It should be noted that the sets are rather opulent, which must owe to the largesse of Gil Meche. When looking at huge halls with murals and glorious chandeliers, it's not hard to see where the $12MM went. Extras and matte paintings for backgrounds, however, are not nearly as seamless. $12MM just doesn't go as far as it did in 2011.
Thanks for the scenery. Photo credit: Denny Medley-USA TODAY Sports
The weaselly uncle is introduced and he has designs on the throne. It would seem clear that the King is David Glass and his "brother" is really his son, Dan. Alex Gordon speaks to the camera over the swell of Volcano Choir's "Byegone" and says he's going to miss his old teammates and then spouts off at an alarmingly catty Queen Helena. If this is how Dayton Moore is behind the scenes, being around him must be miserable.
Eleanor says her dead brother is lucky, and there seems to be a bit of mystery about Robert's death. The mind runs rampant with hypotheses as to why Billy Butler was cut loose in the way he was just to sign a worse version of Billy Butler in Kendrys Morales. Furthermore, is everything in Royaldom not as peachy as it seems on the outside. Is there turmoil about which Royals fans need to worry themselves?
The soup-slurping gingers who talk of their rank smelling nether-regions and wear garish clothing must be a statement about the basement-dwelling blogging community. Ouch, Schwahn.
And then King David Glass drops the bomb. He is going to propose a referendum for the public to vote on in which to do away with the monarchy. The Royals. He seems sincere, so it doesn't seem like this is meant to be another ploy to get the citizens of Jackson County as a taxpayer handout to one of the richest owners in baseball.
Eleanor gets stoned with the bloggers/preseason injuries/Fergie's kids. Eleanor then tells King David Glass that she'd be fine with the Royals going away. This part at least would seem to be recalling the yearning of both Zack Greinke and Danny Duffy to walk away from the game forever. David Glass tells Eleanor that she's the cat's pajamas and deep down is a good person even though she is stoned and eating the Prime Minister's pie in the kitchen. This is probably his way of telling her to stop getting into it with randos on Twitter but saying that he loved that bear suit.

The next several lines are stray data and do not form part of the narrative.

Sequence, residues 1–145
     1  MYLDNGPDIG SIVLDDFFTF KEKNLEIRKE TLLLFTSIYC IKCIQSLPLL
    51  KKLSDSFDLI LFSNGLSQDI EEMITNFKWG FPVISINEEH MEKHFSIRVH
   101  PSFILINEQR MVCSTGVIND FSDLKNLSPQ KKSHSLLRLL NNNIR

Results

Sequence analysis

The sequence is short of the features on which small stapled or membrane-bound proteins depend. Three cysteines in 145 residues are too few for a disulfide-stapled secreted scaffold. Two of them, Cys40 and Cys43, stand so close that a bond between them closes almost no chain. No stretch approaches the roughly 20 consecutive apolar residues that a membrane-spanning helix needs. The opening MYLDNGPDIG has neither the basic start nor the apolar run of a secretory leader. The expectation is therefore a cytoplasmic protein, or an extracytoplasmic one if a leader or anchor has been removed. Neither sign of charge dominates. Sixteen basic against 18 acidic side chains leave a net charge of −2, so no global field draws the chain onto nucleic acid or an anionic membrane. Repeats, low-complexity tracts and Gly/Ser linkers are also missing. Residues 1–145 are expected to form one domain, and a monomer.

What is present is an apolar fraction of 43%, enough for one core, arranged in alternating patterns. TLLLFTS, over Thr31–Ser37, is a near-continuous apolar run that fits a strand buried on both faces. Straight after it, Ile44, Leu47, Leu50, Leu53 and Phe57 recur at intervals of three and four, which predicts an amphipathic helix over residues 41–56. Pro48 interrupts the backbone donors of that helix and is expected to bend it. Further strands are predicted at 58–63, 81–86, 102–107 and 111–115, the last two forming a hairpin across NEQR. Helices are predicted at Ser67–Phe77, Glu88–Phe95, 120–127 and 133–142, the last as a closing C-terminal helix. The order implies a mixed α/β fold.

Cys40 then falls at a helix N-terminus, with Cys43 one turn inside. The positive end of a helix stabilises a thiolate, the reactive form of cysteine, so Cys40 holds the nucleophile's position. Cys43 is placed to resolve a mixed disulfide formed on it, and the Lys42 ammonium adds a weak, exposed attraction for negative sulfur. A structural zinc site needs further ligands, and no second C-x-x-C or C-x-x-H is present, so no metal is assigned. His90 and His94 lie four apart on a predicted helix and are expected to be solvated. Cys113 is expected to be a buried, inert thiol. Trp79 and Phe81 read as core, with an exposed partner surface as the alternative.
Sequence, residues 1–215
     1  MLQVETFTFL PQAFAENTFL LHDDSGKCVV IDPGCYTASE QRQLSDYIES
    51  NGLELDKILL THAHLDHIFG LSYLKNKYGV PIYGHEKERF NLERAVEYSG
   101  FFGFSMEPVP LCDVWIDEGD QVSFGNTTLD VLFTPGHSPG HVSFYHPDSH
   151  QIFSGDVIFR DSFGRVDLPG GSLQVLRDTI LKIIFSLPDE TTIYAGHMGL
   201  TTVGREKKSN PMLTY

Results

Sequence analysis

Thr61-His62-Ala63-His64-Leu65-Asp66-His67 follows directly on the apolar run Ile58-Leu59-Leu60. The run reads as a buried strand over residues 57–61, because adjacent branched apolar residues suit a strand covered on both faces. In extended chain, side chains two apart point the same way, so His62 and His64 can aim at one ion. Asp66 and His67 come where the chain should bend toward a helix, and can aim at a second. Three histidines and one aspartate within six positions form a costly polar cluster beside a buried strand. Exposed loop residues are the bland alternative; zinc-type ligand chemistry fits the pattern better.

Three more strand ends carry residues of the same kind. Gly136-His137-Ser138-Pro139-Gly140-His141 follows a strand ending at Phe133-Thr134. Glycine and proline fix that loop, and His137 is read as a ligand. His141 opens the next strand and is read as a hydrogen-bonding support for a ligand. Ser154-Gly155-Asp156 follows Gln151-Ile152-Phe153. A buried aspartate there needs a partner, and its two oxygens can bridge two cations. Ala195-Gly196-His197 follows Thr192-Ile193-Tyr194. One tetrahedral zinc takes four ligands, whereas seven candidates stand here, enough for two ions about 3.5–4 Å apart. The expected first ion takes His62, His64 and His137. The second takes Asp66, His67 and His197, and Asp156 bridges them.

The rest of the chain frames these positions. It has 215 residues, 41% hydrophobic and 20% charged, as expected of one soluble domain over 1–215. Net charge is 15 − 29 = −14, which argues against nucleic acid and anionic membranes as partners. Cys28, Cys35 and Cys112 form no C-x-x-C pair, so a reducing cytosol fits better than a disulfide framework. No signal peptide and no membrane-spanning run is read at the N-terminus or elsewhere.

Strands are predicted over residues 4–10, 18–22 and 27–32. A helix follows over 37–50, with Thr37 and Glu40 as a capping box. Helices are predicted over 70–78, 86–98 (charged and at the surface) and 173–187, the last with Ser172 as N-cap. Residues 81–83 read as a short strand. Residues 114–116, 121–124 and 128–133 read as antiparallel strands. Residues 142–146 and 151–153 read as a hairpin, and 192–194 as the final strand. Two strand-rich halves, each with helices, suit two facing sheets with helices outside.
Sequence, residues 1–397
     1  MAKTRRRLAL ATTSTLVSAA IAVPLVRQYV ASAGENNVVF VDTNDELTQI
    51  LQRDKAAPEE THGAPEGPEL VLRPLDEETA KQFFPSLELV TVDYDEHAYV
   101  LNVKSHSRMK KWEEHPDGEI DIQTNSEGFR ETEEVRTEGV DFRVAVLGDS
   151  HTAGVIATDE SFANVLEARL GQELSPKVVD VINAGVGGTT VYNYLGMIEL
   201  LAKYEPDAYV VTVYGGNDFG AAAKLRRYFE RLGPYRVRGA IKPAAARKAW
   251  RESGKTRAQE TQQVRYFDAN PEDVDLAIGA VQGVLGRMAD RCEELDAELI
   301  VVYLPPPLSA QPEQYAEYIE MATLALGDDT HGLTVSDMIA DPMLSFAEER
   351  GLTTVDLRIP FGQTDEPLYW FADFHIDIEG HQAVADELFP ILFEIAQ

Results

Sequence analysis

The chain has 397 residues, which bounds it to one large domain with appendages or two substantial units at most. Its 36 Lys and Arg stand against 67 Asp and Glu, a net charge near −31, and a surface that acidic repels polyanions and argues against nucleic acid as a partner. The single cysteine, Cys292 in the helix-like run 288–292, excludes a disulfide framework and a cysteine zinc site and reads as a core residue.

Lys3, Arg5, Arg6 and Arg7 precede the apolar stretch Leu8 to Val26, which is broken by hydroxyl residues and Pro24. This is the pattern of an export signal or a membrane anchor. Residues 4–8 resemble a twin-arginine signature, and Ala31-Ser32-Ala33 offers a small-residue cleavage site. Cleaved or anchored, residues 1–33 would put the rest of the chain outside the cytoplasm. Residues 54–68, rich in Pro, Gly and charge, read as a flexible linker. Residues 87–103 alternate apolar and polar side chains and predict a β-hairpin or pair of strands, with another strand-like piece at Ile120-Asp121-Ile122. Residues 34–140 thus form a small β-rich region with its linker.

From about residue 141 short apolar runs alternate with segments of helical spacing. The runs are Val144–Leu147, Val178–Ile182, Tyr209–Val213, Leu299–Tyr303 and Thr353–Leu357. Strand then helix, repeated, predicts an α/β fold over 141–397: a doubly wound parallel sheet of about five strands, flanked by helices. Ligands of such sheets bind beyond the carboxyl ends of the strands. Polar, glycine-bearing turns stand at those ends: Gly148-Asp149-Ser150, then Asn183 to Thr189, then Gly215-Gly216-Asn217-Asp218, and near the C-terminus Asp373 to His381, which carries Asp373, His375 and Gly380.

Dayton Moore/Elizabeth Hurley tries to strong-arm MITCH!/Ophelia into staying away from Alex Gordon and then says something terrible about her dead mother not being around to teach her better manners. If this is even close to accurate, Dayton Moore is cold-blooded.
Hilariously, Eleanor, played by an actress in her 30s, just quit university the year previously. Ophelia's mother is also dead. They both have dead people in their family. Eleanor tells Ophelia that her dad's a badass, which clearly means that Eleanor/Danny Duffy/Jerry Martin loves good coaching but bristles at being held up to standards that don't interest her/him/him. MITCH!/Ophelia runs off and gives her dad/coach a hug.
David Glass wants the Royals to cease to exist to save and free his children, the players. Does this mean that the pursuit of sport is done for impure reasons?
Party Girl goes off to Paris and has a three-way with Jasper, her assigned security detail, who drugged her and recorded their depraved sex-making on his phone. What in the hell is going on in the Royals clubhouse?
Dan and David Glass go pheasant hunting and it appears as though Dan is set to kill the King/Owner standing in the way of his destiny, but the shot rings out over his shoulder. Alex and MITCH ! go out for iced dirty chais with soy to a photog corps hilariously sparse and framed in such a way as to cover up the fact that they're just seven people with cameras while Dayton/Helena looks on disapprovingly from a balcony on high.
The obvious thing after watching this first episode is that Mark Schwahn does not know his audience. Royals fans want fire. They want stellar defense. The Latin presence was non-existent. Marcus, Prince Liam/Alex Gordon's assigned security detail was the only non-white character. Since he's got Alex's back, it's probably safe to assume that he's Lorenzo Cain.
To add insult to the injurious swing and miss of the fact that they set this story in England and made the dull and obvious leap to make them literal royalty, the writing is laughably bad. To think the Meche money was misspent this egregiously is so disrespectful to everything for which #55 stood. For shame, Mark Schwahn. For shame.
More importantly, though, if we are to take the rough state the Royals appear to be in at this juncture to be indicative of what life is like behind the scenes as Kansas City prepares for the 2015 season, then Royals fans are in for a rough year. It's hard to see how the love story between Alex Gordon and MITCH!, who will be stuck coaching in Northwest Arkansas anyway, will be enough for the Royals to persevere the many obstacles standing between them and a return to postseason glory.
Whatever happens, it's hard to qualify The Royals as a watchable, at least after one episode.